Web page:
Your six biggest money fears
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Fear No. 5: The housing bubble pops
Real danger: You're in over your head.
September 16, 2005: 8:43 AM EDT
By David Futrelle, MONEY Magazine. Additional reporting by Kate Ashford and Janet Paskin.
Your six biggest money fears
• No.1:
• No.2:
• No.3:
• No.4:
• No.5:
• No.6:
What's your biggest money fear?
  You die young
  The stock market crashes
  The economy collapses
  Your job is outsourced
  The housing bubble pops
  Your identity is stolen

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NEW YORK (MONEY Magazine) - If the bursting of the tech bubble is seared into your memory, you'll tend to call up that readily available interpretive scheme as you analyze the surge in housing prices. Result: You see a giant ball of air.

That would be an eminently sensible conclusion -- if houses were stocks. Of course, they're not; they're bought and sold in particular local markets and infrequently traded and, well, you live in them.

On the other hand, if you're using interest-only financing to snap up condos in Fresno because you "know from experience" that this market only rises, good luck. Markets can suffer precipitous declines -- ask anyone who bought in Massachusetts in the late 1980s.

Even Alan Greenspan, a man utterly free of alarmist bias, recently warned that "the housing boom will inevitably simmer down" and that prices could fall.

The real bubble, though, isn't in housing but in housing finance, says strategist Ed Yardeni of Oak Associates. Variable-rate, interest-only mortgages have seduced people into buying more house than they need. (See "Crazy loans: Is this how the boom ends?")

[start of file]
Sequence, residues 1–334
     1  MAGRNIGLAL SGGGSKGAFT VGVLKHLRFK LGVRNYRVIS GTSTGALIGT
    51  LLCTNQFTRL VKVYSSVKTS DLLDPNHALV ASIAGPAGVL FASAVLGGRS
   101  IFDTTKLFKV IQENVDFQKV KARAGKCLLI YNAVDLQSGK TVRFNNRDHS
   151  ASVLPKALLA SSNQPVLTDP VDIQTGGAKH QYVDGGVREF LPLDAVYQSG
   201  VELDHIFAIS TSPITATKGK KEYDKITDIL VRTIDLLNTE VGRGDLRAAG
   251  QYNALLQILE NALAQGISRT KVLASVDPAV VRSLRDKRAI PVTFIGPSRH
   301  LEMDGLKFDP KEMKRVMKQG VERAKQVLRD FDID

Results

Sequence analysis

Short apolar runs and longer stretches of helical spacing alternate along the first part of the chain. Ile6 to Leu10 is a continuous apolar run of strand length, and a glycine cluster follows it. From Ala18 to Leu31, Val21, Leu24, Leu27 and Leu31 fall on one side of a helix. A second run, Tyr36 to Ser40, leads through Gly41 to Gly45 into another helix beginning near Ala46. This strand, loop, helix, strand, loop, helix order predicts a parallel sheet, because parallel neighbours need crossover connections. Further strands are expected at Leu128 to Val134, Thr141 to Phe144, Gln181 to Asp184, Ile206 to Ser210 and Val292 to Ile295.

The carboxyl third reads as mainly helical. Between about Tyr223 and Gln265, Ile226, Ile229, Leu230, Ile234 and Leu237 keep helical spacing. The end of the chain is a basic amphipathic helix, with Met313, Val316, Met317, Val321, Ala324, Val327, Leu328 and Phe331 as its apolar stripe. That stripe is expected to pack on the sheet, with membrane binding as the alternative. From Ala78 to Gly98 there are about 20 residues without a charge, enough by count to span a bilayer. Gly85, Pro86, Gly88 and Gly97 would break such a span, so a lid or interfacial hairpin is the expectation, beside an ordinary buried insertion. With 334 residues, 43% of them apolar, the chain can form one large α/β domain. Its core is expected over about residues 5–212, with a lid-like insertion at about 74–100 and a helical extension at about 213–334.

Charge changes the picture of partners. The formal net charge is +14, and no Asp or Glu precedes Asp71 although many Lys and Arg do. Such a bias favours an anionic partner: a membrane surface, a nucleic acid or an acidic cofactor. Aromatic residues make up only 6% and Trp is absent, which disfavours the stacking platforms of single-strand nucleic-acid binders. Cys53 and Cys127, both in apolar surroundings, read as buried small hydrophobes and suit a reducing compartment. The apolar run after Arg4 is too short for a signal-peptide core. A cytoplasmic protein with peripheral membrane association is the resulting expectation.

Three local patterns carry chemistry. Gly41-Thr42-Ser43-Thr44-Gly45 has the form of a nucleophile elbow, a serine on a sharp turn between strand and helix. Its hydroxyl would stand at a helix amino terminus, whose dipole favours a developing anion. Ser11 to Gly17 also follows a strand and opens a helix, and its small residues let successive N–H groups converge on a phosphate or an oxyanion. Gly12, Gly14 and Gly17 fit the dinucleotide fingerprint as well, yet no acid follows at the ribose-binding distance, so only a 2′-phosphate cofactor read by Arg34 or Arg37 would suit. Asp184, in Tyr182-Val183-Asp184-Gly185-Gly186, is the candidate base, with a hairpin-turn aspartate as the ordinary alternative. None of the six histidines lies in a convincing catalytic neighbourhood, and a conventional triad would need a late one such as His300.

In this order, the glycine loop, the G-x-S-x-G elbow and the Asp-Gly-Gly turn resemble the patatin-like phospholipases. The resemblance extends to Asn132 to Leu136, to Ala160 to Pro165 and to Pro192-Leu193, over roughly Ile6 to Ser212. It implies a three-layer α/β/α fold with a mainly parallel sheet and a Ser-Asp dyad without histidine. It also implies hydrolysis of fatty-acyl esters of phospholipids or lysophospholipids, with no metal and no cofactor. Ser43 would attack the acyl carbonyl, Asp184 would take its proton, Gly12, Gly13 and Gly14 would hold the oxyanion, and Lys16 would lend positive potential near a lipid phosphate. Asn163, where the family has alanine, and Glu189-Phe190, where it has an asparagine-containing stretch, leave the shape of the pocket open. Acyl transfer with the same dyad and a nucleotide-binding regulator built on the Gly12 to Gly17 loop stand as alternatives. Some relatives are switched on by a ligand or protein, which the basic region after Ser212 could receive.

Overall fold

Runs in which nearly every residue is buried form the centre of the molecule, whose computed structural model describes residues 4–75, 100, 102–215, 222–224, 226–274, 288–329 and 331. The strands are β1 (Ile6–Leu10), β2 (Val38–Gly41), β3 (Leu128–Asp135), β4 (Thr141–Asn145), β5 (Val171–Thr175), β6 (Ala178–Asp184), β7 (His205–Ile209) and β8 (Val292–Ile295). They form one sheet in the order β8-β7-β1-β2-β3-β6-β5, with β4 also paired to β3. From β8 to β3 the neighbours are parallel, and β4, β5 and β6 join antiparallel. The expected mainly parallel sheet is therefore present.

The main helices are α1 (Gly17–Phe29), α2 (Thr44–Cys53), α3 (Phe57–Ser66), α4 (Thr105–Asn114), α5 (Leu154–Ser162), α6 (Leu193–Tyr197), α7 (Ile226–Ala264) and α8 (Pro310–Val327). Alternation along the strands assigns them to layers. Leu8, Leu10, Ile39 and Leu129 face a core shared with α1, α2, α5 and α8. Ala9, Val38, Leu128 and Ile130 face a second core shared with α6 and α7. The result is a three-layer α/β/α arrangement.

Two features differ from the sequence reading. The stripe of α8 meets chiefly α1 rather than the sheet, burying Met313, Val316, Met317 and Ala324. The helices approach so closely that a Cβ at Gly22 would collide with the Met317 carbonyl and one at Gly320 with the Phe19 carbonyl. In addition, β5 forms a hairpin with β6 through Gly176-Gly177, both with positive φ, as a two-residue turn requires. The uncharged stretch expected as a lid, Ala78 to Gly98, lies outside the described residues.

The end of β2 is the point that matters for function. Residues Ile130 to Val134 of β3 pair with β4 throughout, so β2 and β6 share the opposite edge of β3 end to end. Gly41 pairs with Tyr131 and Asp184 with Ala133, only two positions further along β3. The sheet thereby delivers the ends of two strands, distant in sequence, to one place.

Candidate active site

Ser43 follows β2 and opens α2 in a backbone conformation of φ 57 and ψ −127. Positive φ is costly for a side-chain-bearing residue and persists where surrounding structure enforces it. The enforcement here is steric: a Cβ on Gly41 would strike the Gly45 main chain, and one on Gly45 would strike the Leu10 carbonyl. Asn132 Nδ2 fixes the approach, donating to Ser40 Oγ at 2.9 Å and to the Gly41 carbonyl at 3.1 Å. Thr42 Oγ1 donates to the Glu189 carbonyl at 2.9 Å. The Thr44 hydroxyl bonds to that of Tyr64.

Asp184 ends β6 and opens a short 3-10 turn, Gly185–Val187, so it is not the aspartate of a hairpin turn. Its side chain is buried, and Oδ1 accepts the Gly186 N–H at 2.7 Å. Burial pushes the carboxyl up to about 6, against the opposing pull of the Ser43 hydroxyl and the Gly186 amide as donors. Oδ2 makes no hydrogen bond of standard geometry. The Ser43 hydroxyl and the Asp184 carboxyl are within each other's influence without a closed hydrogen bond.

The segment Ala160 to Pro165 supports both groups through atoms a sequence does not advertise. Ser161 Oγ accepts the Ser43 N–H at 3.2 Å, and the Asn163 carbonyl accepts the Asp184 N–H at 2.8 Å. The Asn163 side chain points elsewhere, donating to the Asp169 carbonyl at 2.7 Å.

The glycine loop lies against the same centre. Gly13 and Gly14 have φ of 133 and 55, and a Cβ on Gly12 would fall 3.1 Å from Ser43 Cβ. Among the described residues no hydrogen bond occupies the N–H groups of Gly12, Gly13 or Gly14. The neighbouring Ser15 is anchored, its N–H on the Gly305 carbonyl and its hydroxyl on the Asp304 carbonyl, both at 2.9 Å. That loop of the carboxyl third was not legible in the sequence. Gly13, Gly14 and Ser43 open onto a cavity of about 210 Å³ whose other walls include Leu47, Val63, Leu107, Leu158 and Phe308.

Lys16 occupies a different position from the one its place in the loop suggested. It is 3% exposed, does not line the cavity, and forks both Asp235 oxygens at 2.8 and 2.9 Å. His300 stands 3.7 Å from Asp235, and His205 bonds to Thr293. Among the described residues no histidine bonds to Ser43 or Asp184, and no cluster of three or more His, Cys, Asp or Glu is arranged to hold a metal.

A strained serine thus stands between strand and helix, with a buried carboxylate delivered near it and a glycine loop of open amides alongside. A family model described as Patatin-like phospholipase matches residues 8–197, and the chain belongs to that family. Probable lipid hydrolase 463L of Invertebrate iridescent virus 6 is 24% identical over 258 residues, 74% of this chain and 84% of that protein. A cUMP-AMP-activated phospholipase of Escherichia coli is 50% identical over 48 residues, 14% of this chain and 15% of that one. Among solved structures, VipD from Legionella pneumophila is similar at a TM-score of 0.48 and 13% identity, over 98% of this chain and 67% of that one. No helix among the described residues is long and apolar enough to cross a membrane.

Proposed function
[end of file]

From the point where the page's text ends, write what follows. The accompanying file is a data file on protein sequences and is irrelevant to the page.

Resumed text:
Most at risk? Those who bought in late and are stretching themselves even to make their IO payments.

"These people could be in some serious trouble," says Yardeni, if interest rates rise or home values fall even on a modest scale.

What to do

Downsize. If you've used an interest-only loan to buy a McMansion when you can really only afford a three-bedroom split-level, get real. You're not building any equity, and if prices decline and you have to sell, you'll end up owing the bank. Also, if you're at a point in life when a smaller house is starting to look good, move now and secure your gains.

Think about what can go wrong. If you're counting on home equity to provide for your retirement, ask a financial adviser to assess what will happen to your plans if your home's value drops by 10, 20 or 30 percent, says Joe Davis, a research analyst at Vanguard.

Look at locking in. The gap between variable and fixed-rate loans has been narrowing as the Fed pushes up short-term interest rates. So grab a fixed rate of interest now. Waiting could add hundreds of dollars to your monthly payment.

Fear No. 6: Your identity is stolen


Worried about housing prices? Find out how much house you can really afford.  Top of page

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